Commentary Jamaica Magazine

Strategies For Competing In The New Era Of Globalization

Competition for business in any sector is usually indirectly proportional to the quantity and quality of trade barriers present. In unparallelled fashion, when trade barriers tumble, competition for markets show marked increases in intensity, duration and strategy. Small states who no longer have the protection of subsidies or trade preferences. are consequently at severe risk of becoming welfare states as they lose market share and jobs hopscotch to India and China.

For the past 40 years we should have been using the calculus, statistics and the competitive advantage of each island to devise a strategy for integration. West Indian cricket has been prophesying to us, for what 70 years and we still did not understand or heed the message. Let me make the prophesy clear now. Small Caribbean states with average or below competitive advantages in agriculture, land topography, geographical location, education, human resources, population size, economics, natural resources, marketing and technology, cannot compete effectively in todays global economy by themselves- they must integrate or utilize the strategies listed below, and even now it will be difficult because they delayed and lost tremendous time advantage, become welfare states and thus lose their sovereignty and true independence, or perish. It is difficult indeed to manage human emotions and choices which is why referendums combined with education, should be used in guiding a population to choose an option which may seem restrictive but is the only practical path to survival.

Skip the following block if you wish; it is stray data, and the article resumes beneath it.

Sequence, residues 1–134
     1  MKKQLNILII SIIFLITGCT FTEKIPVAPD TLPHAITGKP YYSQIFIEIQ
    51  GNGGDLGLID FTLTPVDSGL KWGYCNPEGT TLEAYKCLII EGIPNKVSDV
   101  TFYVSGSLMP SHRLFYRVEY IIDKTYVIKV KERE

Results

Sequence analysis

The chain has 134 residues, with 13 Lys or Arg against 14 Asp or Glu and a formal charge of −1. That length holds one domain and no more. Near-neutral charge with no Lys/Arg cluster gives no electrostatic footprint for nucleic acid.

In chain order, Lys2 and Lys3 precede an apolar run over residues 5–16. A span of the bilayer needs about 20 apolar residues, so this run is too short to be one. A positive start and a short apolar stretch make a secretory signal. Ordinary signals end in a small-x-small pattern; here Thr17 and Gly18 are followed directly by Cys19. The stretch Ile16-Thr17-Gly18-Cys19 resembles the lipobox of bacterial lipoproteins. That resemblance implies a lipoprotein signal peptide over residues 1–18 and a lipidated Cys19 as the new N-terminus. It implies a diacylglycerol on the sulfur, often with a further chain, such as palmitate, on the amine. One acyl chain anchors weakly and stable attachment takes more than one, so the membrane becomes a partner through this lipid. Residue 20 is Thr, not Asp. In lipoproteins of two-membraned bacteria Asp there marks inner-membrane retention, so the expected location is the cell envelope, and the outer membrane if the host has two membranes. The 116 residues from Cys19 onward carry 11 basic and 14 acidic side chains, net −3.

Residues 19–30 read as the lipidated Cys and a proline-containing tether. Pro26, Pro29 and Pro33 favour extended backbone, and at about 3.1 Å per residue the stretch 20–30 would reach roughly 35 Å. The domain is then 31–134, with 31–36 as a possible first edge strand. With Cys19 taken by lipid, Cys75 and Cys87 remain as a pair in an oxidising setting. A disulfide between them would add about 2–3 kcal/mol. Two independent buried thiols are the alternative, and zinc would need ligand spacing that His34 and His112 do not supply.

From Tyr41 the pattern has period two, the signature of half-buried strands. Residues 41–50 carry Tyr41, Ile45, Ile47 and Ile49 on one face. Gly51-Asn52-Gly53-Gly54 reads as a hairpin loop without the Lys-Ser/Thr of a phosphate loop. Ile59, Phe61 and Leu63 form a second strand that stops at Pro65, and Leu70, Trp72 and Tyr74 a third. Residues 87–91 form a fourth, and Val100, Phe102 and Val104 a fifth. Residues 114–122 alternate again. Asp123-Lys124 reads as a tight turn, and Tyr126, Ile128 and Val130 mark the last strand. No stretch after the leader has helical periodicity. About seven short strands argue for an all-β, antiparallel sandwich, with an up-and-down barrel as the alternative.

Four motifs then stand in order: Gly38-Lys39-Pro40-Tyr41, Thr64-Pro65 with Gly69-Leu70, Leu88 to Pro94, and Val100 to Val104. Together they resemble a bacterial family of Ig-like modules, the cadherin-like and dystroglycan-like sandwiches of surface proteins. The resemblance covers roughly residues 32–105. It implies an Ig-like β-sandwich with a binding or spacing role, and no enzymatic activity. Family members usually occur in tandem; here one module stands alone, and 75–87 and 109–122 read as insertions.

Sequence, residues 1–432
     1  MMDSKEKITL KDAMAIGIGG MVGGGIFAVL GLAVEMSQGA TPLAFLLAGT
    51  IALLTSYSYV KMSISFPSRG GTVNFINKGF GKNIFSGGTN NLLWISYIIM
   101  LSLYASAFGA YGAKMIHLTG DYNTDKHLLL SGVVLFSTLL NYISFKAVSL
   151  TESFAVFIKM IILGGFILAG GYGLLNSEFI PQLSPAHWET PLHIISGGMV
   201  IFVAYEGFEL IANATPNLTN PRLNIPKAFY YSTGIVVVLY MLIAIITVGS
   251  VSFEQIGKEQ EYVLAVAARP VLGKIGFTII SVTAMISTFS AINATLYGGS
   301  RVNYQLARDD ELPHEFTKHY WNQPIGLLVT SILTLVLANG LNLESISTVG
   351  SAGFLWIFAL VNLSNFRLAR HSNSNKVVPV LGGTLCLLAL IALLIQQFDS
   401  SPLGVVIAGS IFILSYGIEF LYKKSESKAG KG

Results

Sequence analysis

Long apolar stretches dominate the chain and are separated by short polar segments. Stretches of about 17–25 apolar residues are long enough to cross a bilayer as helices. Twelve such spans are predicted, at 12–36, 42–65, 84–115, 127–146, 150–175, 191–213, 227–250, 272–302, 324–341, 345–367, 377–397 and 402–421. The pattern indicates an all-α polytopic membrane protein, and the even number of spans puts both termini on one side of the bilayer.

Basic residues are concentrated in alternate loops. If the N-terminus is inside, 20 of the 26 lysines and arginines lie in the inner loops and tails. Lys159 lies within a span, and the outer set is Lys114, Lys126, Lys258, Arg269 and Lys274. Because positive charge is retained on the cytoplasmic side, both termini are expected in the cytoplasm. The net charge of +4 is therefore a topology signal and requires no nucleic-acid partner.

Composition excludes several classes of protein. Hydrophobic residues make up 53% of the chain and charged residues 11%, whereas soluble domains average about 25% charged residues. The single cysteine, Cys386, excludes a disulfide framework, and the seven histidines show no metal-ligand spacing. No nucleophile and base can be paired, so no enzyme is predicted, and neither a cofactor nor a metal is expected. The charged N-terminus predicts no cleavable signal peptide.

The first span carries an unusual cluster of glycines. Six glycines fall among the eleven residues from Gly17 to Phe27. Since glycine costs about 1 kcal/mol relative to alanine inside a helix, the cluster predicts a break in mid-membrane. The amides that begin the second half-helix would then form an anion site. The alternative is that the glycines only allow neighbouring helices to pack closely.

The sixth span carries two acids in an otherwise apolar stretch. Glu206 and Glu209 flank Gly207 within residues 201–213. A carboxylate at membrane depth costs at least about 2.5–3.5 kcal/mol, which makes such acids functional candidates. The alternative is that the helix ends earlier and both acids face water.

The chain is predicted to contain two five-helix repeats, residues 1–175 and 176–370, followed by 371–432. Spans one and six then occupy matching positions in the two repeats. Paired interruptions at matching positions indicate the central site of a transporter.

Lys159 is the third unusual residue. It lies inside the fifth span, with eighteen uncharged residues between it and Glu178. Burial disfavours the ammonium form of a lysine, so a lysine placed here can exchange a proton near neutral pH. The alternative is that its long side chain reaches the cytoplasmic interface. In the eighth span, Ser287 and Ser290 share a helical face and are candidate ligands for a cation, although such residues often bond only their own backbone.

I think we need a new major in the business school curriculum at the local schools and universities, to focus on the challenges of globalization because the adjacent obstacles which it brings are among the greatest that we face today.

This is a suggested title for such a course: Competing in The Global Economy; Strategies and
Techniques. Here is how such a course might be broken down.

1.Vertically integrating the production and marketing channel of production companies.
2.Retail market ownership, domination and positioning.
3.The role of Patriotism
4.Pioneering, patenting and trademarking business strategies with models if possible
5.The best marketing system- not necessarily the best product, wins the majority of the time.
6.Strategies for using the World Trade Organization to break market domination.
7.The power of geographical alliances.
8.Securing stock options / part ownership in business arrangements with any international conglomerates.

There are numerous examples like Cemex of Mexico and others who have integrated production, marketing and retailing and thus dominate a world-wide niche and so have an unchallengeable dominance. Locally, Seprod has shown that it can be done and the Jamaica producers Group’s juice company in England was an important second step in retail market positioning. Overseas retail market ownership, however, should be the primary goal of any local business who wants to assume a dominant position.

Business schools in the Caribbean should be fervently studying and developing courses for immediate implementation for this, and researching this topic because there is no other way for Caribbean countries to compete with Archer Daniels Midland (adm,nyse or Bunge bg,nyse or other strong international agribusiness conglomerates.

About the author

John Anthony